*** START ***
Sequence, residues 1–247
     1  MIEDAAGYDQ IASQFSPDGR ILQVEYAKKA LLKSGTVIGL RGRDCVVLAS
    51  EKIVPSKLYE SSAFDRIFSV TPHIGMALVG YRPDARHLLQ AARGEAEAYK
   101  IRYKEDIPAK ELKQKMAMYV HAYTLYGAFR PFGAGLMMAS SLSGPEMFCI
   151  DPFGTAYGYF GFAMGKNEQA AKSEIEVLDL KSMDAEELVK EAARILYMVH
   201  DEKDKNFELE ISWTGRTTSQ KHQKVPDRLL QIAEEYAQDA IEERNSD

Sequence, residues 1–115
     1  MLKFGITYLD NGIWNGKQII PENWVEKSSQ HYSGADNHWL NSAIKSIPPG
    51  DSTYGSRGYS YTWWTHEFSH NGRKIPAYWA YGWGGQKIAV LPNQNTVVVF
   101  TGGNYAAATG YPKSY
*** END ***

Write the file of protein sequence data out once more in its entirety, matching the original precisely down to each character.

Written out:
Sequence, residues 1–247
     1  MIEDAAGYDQ IASQFSPDGR ILQVEYAKKA LLKSGTVIGL RGRDCVVLAS
    51  EKIVPSKLYE SSAFDRIFSV TPHIGMALVG YRPDARHLLQ AARGEAEAYK
   101  IRYKEDIPAK ELKQKMAMYV HAYTLYGAFR PFGAGLMMAS SLSGPEMFCI
   151  DPFGTAYGYF GFAMGKNEQA AKSEIEVLDL KSMDAEELVK EAARILYMVH
   201  DEKDKNFELE ISWTGRTTSQ KHQKVPDRLL QIAEEYAQDA IEERNSD

Sequence, residues 1–115
     1  MLKFGITYLD NGIWNGKQII PENWVEKSSQ HYSGADNHWL NSAIKSIPPG
    51  DSTYGSRGYS YTWWTHEFSH NGRKIPAYWA YGWGGQKIAV LPNQNTVVVF
   101  TGGNYAAATG YPKSY